Re: Very simple limit, why doesn't it evaluate?

*To*: mathgroup at smc.vnet.net*Subject*: [mg31923] Re: [mg31909] Very simple limit, why doesn't it evaluate?*From*: Andrzej Kozlowski <andrzej at bekkoame.ne.jp>*Date*: Wed, 12 Dec 2001 04:14:04 -0500 (EST)*Sender*: owner-wri-mathgroup at wolfram.com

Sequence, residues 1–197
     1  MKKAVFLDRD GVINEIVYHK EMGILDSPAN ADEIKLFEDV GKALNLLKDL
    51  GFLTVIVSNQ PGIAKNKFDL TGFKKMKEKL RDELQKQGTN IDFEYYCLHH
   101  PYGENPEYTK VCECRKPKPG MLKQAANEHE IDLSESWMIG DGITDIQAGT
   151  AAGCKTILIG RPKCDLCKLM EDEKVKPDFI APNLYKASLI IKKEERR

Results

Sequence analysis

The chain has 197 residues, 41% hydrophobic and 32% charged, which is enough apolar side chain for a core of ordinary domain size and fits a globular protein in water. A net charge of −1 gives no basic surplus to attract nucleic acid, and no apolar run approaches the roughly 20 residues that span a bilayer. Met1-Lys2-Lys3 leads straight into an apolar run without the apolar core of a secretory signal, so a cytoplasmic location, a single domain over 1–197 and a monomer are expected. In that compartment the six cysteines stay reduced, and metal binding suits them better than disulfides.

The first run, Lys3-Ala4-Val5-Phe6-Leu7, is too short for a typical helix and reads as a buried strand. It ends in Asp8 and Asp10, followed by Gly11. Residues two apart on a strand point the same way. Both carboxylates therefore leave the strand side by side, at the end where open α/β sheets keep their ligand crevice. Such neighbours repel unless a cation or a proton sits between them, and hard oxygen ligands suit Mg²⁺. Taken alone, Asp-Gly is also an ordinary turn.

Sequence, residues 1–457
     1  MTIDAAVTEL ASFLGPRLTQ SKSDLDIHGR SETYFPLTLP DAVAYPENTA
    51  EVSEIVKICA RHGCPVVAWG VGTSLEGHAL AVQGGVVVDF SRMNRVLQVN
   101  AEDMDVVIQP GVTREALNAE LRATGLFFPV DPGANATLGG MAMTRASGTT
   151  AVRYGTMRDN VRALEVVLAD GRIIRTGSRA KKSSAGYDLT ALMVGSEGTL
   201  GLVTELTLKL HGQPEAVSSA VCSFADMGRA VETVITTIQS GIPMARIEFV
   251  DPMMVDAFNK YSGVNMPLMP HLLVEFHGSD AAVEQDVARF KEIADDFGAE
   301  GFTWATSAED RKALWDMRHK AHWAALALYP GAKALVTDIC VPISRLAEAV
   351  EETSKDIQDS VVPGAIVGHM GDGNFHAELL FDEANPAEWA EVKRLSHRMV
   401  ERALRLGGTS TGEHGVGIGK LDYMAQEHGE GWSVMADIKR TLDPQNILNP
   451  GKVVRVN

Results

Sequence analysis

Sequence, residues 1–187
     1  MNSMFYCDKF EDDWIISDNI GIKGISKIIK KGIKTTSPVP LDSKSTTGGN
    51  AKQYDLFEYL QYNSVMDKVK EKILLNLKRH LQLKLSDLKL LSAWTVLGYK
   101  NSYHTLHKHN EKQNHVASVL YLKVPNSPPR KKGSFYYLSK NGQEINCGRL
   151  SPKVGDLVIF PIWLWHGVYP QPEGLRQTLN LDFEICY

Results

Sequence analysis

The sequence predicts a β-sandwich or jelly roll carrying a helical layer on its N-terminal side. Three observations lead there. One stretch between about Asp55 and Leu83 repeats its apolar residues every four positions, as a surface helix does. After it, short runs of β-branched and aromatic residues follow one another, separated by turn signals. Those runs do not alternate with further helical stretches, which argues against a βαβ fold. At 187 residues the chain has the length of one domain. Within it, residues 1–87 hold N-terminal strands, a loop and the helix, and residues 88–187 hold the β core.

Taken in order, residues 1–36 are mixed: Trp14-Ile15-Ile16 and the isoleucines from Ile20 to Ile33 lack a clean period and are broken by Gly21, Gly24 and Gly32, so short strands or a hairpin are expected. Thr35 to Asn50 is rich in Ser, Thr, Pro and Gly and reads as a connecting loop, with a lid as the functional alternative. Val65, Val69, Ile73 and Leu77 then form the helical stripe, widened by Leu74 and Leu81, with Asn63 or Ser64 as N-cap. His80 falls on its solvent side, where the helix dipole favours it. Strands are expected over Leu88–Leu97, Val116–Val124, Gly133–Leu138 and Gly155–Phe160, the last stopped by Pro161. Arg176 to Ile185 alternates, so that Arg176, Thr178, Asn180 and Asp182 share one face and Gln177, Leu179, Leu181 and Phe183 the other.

Computing limits is done by means of a number of ad hoc tricks rather than a universal algorithm, so there will always be cases that Mathematica can't manage but can be done "by hand". In general when Mathematica can't find a limit it is a good idea to load in the Calculus`Limit` package and try again. In this case this case we get: << Calculus`Limit` In[2]:= Limit[4^(3 + n)/(-5 + 3^(4 + n)), n -> Infinity] Out[2]= Infinity This is with Mathematica 4.1 so I am not sure what happens with 3.0 but I suspect the same thing. Andrzej Kozlowski Toyama International University JAPAN http://platon.c.u-tokyo.ac.jp/andrzej/ On Tuesday, December 11, 2001, at 03:33 PM, Jacek Dziedzic wrote: > It stunned me that the Mathematica 3.0 returns this very simple limit > unevaluated: > 4^(n+3)/(3^(n+4)-5), with n -> infinity. > > Moreover, the NLimit function returns 1.0756... which is a rather poor > approximation of infinity (the expected result)... Well I can understand > that NLimit is numerical and can't be relied on, but why does the > original > Limit[] die on that? Or am I doing anything wrong? > > - Jacek Dziedzic > > > > >